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Le Jour de L’An in Old Québec

Cultural Perspectives

By Tim Hazell

Québec is Canada’s predominantly French-speaking province, with a substantial Anglophone minority. It has always played a significant role in Canadian politics, sometimes as a proverbial thorn in the side of the establishment. Tensions resulting from the alienation of Francophones to Anglophones were pivotal to the creation of activist movements in New France. Traditionally, until the Quiet Revolution and Separatist Movement of the 1960s, British financiers controlled the province’s economy from their headquarters in Montreal. An ultra-conservative Catholic Church kept towns and rural villages firmly under the control of landowners and clergy.

Jacques Cartier had sailed into the St. Lawrence River in 1534 to establish a colony near present-day Québec City at the site of Stadacona, a St. Lawrence Iroquoian village. These speakers of an Iroquois dialect called Laurentian had vanished from the region by the end of the 16th century. Native presence in French Canada during the 17th century was a deciding factor in Québec’s balance of Francophone and Anglophone power. Their combined Leadership of Nations was referred to as the Haudenosaunee, “People Building a Long House,” and reached its zenith, with an estimated population of 12,000, during the advent of settlements along the St. Lawrence River.

In the province’s mountainous Laurentian region, confederacy with the Hurons prevented continuous blood feuds. Their village capital of Ossossane was a place of unique native architecture. Bark longhouses sheltering several communal families could reach a length of 200 feet. Modern Québec’s aboriginal populations live on reserves and in small communities scattered throughout its rural areas. A younger generation of native speakers for their tribes plays a dominant role in politics and campaigns for indigenous rights.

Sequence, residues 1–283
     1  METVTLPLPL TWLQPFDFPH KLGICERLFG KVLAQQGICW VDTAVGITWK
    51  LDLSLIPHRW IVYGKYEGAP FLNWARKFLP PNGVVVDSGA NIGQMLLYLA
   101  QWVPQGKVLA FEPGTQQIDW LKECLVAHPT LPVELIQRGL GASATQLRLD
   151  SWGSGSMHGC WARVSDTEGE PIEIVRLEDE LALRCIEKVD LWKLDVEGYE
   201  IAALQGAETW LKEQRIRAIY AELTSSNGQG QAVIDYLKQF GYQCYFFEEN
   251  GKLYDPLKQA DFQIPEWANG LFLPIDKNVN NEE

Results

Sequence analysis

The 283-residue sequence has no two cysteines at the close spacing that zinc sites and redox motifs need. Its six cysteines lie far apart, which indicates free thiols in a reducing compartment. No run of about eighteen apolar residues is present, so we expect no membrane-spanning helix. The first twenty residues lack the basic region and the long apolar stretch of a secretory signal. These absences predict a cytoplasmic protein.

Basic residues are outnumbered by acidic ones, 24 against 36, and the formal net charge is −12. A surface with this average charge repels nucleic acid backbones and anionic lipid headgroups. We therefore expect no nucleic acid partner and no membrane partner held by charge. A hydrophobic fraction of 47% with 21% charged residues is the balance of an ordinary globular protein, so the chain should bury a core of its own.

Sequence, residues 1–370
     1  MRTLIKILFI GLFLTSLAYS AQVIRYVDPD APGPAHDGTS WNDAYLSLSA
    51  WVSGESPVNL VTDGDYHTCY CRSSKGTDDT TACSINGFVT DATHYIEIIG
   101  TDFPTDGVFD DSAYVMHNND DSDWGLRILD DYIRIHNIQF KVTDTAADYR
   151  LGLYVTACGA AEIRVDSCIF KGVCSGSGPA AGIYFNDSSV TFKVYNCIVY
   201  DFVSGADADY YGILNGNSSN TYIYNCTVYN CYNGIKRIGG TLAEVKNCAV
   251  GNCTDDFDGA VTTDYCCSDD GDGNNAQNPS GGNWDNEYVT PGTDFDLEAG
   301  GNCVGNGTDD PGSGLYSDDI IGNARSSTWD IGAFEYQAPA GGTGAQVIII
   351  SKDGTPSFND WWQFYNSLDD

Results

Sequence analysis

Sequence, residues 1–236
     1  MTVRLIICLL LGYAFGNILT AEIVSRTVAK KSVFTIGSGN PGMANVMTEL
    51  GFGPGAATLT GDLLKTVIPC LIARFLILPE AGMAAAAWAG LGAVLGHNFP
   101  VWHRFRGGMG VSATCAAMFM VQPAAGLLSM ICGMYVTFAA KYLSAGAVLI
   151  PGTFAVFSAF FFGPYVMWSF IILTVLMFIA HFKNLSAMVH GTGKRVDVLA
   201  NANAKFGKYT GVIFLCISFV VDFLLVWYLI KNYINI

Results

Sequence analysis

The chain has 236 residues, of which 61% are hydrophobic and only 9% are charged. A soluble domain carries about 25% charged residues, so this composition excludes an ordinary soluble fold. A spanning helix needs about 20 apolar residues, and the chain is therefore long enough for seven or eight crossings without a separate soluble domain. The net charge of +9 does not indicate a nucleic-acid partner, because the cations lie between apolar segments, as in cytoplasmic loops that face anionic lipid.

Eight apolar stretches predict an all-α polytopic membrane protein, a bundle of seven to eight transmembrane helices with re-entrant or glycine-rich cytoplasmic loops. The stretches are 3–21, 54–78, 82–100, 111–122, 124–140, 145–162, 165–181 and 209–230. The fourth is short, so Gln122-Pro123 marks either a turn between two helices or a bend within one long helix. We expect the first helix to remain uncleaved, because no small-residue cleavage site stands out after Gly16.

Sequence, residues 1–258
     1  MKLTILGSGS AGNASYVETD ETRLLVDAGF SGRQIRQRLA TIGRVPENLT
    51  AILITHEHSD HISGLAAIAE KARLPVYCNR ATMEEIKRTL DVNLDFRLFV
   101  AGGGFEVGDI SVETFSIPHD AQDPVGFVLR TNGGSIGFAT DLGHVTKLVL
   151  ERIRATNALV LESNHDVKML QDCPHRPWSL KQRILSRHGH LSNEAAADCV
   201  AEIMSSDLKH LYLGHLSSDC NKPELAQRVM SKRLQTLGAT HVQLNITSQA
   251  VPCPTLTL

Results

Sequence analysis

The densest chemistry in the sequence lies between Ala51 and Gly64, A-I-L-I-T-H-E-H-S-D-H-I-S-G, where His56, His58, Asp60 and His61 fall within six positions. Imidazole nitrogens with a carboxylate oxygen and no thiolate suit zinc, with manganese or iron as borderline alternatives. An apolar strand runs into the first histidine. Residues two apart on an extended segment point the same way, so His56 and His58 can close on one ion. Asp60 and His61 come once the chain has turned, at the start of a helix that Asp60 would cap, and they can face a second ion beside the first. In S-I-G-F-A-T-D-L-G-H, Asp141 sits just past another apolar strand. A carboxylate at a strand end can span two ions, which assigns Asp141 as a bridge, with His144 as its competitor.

New Year traditions in French Canada include ice fishing in rural communities and ebullient celebrations with concerts, theater, and flamboyant nightlife in cosmopolitan Montreal and Québec City. Famous for its cuisine at any time of the year, the holiday season from Christmas Eve Réveillon to Veille du Jour de L’An (New Year’s Eve) gives everyone a chance to sample Québec’s hearty fare, rooted in peasant and artisan cultures from the west of 17th century France, with a touch of British colonial influence. Desserts such as tarte au sucre (sugar pie) round out elaborate holiday feasts. Indulge, enjoy and forget the calories!



Tarte au Sucre


9-inch uncooked pie shell

2 cups brown sugar, packed

3 tbsp. all-purpose flour

1 can Carnation evaporated milk

2 eggs, lightly beaten

1 tsp. vanilla extract

1/4 cup cold butter, small dice


Preheat oven to 350 F. In a bowl, mix brown sugar and flour. In a separate bowl, whisk together milk, eggs, and vanilla. Gradually add to the flour mixture and combine well. Place cookie sheet under pie crust. Fill pie crust with the mixture. Drop cold butter cubes throughout filling. Bake for 50 minutes, or until outside edges are firm and center is slightly jelly like. Let cool and refrigerate before serving with whipped cream or vanilla ice cream.


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